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August 2007

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Locating and Working With Creative Freelancers
By Eric Kimble

Companies turn to freelancers for a number of reasons. Whether it's to bring in experts who can handle special projects, compensate for personnel on leave or prevent existing staff from feeling burned out during times when workloads are heavy, many organizations find freelancers to be valuable, reliable resources for their ever-changing employment needs. And the trend is on the rise: In a survey by Robert Half International, 46 percent of executives polled said they use more project professionals today than five years ago.

By hiring freelance creative professionals, employers can avoid the costly, disruptive and morale-lowering cycle of over-hiring and layoffs that can occur when work demands inevitably fluctuate over time. Relying on consultants also gives businesses the opportunity to assess a potential employee's on-the-job performance before extending a full-time offer. Most importantly, perhaps, this approach helps companies determine whether the workload really justifies a full-time hire.

But how do you locate freelance professionals and get the most out of the relationships with them? Following is some advice:

Select the Right Partner
Locating a highly skilled freelance professional isn't easy. If you're hiring a creative consultant on your own, it's important you possess the experience, knowledge and connections to find appropriately skilled professionals for your assignments. If you don't have the time or expertise to hire a freelance professional, staffing firms are an excellent source for locating experienced creatives. To locate the best talent, you should partner with a staffing firm that caters specifically to the creative industry. Referrals from colleagues, professional associations or your local chamber of commerce are good starting points.

Consult Current Employees
While searching for the right freelancer, let existing staff know why a consultant is being sought for the organization and how he or she is expected to benefit the firm. Also, solicit staff input on any special skills or qualifications they think will be valuable for the project professional to possess. Since employees are the ones working on the ìfront lines,î they may have insight as to exactly what is needed from a freelance creative. By having an open discussion about the need for extra support, employees will likely be more accepting of the new team member and willing to help him or her adapt and succeed.

Set Clear Objectives
Build an effective relationship with the freelancer by offering as much information as possible about your requirements. Consider drafting a ìjob profileî that details the scope and objectives of the project, the consultant's responsibilities, and his or her role in the department and organization. Be up-front about any special requirements or potential challenges related to the assignment, such as occasional weekend work or a manager who expects frequent project updates and interaction. Remember to incorporate any useful feedback gathered from existing staff.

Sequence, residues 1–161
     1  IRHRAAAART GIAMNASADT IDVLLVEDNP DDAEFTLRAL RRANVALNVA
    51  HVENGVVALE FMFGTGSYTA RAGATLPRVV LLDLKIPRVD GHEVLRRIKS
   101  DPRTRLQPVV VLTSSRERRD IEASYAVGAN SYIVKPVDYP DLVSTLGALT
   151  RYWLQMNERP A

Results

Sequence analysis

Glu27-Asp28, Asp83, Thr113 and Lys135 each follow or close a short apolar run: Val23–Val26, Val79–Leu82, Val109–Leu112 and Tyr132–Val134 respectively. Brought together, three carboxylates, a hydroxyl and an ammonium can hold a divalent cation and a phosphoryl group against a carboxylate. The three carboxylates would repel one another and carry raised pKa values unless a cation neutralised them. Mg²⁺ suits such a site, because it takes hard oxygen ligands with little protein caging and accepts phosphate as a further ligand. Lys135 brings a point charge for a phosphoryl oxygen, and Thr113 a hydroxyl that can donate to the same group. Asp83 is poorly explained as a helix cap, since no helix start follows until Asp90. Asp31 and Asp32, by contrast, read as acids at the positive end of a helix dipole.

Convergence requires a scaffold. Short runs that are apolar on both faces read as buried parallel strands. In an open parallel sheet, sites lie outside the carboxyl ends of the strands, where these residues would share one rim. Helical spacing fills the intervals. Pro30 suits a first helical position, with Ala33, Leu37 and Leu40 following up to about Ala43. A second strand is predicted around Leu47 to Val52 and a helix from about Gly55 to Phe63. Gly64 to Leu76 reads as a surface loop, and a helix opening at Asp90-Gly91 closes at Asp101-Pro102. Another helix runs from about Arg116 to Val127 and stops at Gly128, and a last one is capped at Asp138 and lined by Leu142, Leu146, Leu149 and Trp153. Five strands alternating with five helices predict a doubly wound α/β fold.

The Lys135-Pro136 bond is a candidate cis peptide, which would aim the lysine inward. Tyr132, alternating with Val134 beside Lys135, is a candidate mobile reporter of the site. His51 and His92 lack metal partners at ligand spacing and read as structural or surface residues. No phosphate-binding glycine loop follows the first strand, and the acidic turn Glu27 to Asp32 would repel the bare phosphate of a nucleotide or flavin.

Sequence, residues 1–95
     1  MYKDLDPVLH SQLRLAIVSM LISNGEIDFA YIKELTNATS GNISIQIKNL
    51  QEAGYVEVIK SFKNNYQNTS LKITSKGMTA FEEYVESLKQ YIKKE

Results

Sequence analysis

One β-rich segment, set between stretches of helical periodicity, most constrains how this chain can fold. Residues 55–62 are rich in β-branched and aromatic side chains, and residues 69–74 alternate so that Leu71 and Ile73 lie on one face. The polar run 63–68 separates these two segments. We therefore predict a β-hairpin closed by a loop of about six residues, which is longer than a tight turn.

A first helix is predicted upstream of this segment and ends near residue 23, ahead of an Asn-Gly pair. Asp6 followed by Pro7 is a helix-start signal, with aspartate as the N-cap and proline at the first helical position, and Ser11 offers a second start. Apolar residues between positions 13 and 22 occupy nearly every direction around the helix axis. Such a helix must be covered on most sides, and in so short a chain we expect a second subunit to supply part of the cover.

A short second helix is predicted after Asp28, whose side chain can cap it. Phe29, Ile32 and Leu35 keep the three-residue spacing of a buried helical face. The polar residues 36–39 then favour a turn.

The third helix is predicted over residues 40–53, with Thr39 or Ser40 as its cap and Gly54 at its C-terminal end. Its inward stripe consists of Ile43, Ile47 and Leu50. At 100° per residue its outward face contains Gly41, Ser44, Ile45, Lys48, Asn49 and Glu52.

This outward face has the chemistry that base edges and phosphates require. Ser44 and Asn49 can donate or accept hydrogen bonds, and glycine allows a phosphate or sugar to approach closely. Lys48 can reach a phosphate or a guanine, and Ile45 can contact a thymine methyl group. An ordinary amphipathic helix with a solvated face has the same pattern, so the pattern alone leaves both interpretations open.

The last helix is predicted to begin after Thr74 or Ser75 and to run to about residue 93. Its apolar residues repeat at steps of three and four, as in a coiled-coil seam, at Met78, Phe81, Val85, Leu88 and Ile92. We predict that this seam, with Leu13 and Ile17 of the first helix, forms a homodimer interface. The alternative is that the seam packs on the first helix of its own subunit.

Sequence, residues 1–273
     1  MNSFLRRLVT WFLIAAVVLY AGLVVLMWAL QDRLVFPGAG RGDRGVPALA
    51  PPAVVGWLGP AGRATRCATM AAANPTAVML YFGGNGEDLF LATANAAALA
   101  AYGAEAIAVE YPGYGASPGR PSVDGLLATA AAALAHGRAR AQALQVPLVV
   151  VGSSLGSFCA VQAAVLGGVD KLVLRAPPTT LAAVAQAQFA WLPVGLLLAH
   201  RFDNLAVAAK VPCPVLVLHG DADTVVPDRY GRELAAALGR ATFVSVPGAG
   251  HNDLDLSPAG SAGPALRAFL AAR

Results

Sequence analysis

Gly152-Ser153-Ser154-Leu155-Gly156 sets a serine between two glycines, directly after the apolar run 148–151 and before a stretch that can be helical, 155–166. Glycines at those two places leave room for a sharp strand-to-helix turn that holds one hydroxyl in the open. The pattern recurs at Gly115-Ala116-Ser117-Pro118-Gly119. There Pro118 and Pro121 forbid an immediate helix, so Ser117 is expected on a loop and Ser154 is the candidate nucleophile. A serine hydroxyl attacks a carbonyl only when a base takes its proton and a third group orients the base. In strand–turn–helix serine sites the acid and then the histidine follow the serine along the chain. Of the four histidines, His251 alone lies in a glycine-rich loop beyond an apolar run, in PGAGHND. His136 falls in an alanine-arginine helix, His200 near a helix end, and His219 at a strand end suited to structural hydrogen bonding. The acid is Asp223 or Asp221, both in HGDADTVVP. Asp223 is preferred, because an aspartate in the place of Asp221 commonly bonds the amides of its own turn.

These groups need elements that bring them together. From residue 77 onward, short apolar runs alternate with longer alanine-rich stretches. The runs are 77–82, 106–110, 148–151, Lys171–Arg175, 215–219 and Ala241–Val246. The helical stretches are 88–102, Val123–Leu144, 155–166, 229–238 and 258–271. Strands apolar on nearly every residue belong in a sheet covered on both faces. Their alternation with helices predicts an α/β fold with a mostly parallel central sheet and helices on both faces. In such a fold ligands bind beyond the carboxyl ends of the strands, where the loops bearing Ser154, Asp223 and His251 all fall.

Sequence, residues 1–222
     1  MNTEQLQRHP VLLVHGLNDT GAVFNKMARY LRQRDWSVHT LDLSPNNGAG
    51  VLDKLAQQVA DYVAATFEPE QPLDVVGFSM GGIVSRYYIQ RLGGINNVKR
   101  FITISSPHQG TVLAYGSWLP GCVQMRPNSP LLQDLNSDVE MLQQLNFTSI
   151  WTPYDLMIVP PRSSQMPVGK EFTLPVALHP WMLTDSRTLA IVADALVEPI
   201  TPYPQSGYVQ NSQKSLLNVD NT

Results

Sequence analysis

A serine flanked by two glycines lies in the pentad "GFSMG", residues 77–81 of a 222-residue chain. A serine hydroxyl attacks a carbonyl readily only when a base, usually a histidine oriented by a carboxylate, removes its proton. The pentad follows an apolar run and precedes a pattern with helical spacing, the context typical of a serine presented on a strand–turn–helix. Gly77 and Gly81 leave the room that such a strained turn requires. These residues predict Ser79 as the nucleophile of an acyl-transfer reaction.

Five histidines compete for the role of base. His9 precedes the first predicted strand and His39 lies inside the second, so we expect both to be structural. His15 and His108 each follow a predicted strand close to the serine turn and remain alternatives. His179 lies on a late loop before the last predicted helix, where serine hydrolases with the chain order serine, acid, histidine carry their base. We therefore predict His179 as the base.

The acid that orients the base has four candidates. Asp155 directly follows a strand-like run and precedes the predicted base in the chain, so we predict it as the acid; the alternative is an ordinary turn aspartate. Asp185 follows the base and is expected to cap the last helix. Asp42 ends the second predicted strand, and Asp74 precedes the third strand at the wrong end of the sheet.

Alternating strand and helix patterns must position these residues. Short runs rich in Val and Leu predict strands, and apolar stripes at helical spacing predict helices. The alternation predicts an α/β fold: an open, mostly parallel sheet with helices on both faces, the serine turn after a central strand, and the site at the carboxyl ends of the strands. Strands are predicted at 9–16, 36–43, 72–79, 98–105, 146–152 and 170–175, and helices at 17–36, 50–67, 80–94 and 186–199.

Set the Freelancer up for Success
Most freelancers are adept at adjusting to new work environments and demands, but they need to be equipped with the tools to succeed. Once an individual joins your team, present him or her with a thorough overview of the work ahead, company policies and your expectations.

Make sure you set up the new hire's workspace in advance with a computer, phone, office supplies and any other essential materials. To minimize misunderstandings and help the person better meet your objectives, make a point to keep the freelance professional in the communication loop and ask him or her to participate in staff meetings that relate to the assignment. Also, invite the creative professional to social gatherings, such as staff luncheons or celebrations. If the candidate feels connected to the company and coworkers, he or she will be more productive and motivated to do the best job possible.

Keep the Lines of Communication Open
Be proactive in providing the freelancer with feedback. Clear lines of communication are necessary so the person knows how he or she is performing and what adjustments, if any, need to be made. Similarly, be candid with your staffing firm. Learning that someone needed significant ìramp-upî time before focusing on the actual assignment, for example, or that an individual went well above expectations to meet an important client's demands, can help the staffing firm make the best matches going forward.

Eric Kimble is the Denver area Division Director of The Creative Group, which focuses on placing freelance professionals in the creative, advertising, marketing, web and public relations fields. Contact him at 303.295.7979.


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